Forest Park was dedicated at a large public ceremony on June 24, 1876 - the year the nation celebrated its centennial anniversary. Ulysses S. Grant was President and, on the same afternoon, General George Armstrong Custer was massing his troops to attack Sitting Bull and the Sioux nation near a small Montana stream called the Little Big Horn
Maximillian G. Kern, Forest Park superintendent and landscape gardener, designed the Park's original plan. Kern also designed parks at the Compton Hill and Chain of Rocks Reservoirs. The 1874 survey by Julius Pitzman showed that Forest Park consisted of 1,371.75 acres, and today it is still one of the largest urban parks in the country
In 1904, the Louisiana Purchase Exposition (St. Louis World's Fair) drew over 19 million visitors from around the world to Forest Park. Of the 15 main palaces built for the Fair, only the Cass-Gilbert-designed Palace of Fine Arts (known as Saint Louis Art Museum) was constructed as a permanent building
Originally four miles outside the City limit, Forest Park today sits in the heart of St. Louis. More than 10 million visitors come to the park each year to participate in softball, cricket, rugby, tennis, golf, archery, lacrosse and soccer. They also ride bikes, ice and roller skate, roller-blade, jog, fish and ride horseback. An estimated half million people attend special events, such as the Great Forest Park Balloon Race and an additional half million patronize the Muny.
1. The Missouri History Museum is located in the Jefferson Memorial Building. The building was the first memorial built to honor Thomas Jefferson, and was funded with proceeds from the 1904 Louisiana Purchase Exposition and World's Fair. The museum's collections include artifacts and decorative items from St. Louis' colonial days, items representative of the Plains Indian cultures, and many items connected with Charles Lindbergh's trans-Atlantic "Spirit of St. Louis" flight. The Emerson Center, a 92,000-square-foot facility was opened in 2000. The History Museum is open daily, 10 a.m. to 6 p.m. (8:00 p.m. each Tuesday). Admission is free unless noted. For information, call 314-746-4599.
2. The Dennis & Judith Jones Visitor and Education Center (formerly the Lindell Pavilion) was built in 1892 as a shelter for streetcar passengers, and was remodeled in 1914 for use by golf and tennis players. A 1925 fire destroyed most of the original building, leaving only the clock tower which was incorporated in the replacement structure. The facility is now home to Forest Park Forever, a not-for-profit organization dedicated to raising private funds for the restoration of Forest Park. The organization maintains its offices and disperses visitor information at the west entrance of the Lindell Pavilion. For information, call 314-367-7275.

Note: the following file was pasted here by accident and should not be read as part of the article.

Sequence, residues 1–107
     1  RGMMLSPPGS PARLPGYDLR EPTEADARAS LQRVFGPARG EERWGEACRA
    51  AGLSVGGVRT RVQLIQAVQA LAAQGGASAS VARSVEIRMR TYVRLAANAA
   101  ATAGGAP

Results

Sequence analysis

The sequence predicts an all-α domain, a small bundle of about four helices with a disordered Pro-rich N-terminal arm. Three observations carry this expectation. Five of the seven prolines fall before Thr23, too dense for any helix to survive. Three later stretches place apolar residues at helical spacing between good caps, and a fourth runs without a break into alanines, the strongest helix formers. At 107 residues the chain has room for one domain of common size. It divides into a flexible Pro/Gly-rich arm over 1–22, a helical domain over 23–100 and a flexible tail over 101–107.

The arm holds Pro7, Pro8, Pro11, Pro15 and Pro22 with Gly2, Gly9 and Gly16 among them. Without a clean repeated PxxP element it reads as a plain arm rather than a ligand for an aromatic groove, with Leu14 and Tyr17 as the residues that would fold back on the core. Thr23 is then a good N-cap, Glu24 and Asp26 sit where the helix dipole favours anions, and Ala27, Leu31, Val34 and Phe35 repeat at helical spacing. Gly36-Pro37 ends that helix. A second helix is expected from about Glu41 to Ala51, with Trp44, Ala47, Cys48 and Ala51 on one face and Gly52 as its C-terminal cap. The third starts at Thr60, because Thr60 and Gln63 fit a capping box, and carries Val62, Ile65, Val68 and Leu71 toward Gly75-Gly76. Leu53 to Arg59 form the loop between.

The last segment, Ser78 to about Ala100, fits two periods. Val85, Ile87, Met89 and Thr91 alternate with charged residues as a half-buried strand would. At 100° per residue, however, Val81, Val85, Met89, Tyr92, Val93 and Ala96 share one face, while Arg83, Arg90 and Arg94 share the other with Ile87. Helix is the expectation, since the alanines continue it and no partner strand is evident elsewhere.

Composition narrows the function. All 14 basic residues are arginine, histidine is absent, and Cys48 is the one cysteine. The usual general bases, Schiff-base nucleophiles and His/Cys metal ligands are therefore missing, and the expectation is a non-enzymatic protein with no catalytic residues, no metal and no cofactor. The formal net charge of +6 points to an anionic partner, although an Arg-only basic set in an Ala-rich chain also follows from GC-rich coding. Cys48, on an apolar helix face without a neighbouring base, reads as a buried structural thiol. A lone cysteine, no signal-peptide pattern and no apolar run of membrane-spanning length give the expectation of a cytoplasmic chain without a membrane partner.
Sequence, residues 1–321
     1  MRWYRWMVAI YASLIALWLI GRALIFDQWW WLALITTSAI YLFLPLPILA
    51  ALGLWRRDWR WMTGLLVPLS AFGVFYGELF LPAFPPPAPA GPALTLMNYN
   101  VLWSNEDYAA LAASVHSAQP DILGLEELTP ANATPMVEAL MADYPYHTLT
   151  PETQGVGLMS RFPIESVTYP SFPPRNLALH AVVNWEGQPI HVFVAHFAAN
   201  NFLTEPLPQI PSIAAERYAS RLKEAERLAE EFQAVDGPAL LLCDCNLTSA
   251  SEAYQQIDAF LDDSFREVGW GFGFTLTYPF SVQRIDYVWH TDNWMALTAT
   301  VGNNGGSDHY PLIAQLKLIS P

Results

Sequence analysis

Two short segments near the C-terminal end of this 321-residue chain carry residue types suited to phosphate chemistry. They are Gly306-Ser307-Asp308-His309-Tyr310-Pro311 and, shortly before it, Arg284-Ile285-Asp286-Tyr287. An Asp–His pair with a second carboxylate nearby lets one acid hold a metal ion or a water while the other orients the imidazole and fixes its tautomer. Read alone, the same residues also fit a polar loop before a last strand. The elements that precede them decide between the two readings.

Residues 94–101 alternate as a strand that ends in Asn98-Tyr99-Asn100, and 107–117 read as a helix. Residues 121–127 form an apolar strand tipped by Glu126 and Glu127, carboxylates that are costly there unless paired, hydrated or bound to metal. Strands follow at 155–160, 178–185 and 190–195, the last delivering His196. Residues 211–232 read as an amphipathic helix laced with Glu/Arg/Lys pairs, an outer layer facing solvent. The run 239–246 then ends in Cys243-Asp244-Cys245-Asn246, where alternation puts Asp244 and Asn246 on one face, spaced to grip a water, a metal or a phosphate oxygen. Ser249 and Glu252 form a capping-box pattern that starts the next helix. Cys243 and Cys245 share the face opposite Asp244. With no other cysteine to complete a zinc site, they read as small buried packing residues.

The Visitor and Education Center is also home to the Missouri Department of Conservation; OASIS; 3,790 square foot Trolley Room, and a snack bar. For rental information, call (314) 961-7588, ext. 221.
3. The Cabanne House was built in 1876 as the Parkkeeper's house. The St. Louis Ambassadors, a civic organization which recently restored the house, is located there. The elegant Second Empire-style house and its ground can be rented for parties and meetings by calling 314-454-1488.
4. The Dwight F. Davis Tennis Center opened in 1966 and is named for the donor of the Davis Cup International tennis trophy. Davis also served as St. Louis Parks Commissioner. He brought active recreation and tennis to Forest Park in 1912. Supported by private donations and city fundings, the Center offers 19 lighted championship courts and a stadium court. The Center is open 7 days a week from 8 a.m. to 10 p.m. during the season. For information, call 314-361-0177.
5. The Post-Dispatch Lake and Boat House Restaurant are open once again. Row boats and paddle boats are available for rent, when weather permits. Visitors have an opportunity to share the century-old tradition of boating in Forest Park. For more information, call 314-961-7588, ext. 221.
6. The Muny (The Municipal Theatre) has offered musical theater in an outdoor setting since 1919. The 11,500 seat amphitheatre features Broadway shows from mid-June through mid-August. For ticket and performance information, call 314-361-1900.
7. Central Fields is the site of the annual Great Forest Park Balloon Glow and Great Forest Park Balloon Race, on the third weekend of September.
8. The Mark C. Steinberg Memorial Skating Rink has been a popular attraction since 1957, and was made possible through a generous donation from the Steinberg Charitable Trust. One of the largest outdoor skating rinks, the facility offers ice skating during the winter and roller skating during the summer. For information about operating hours and skate rental fees, call 314-361-RINK (7465).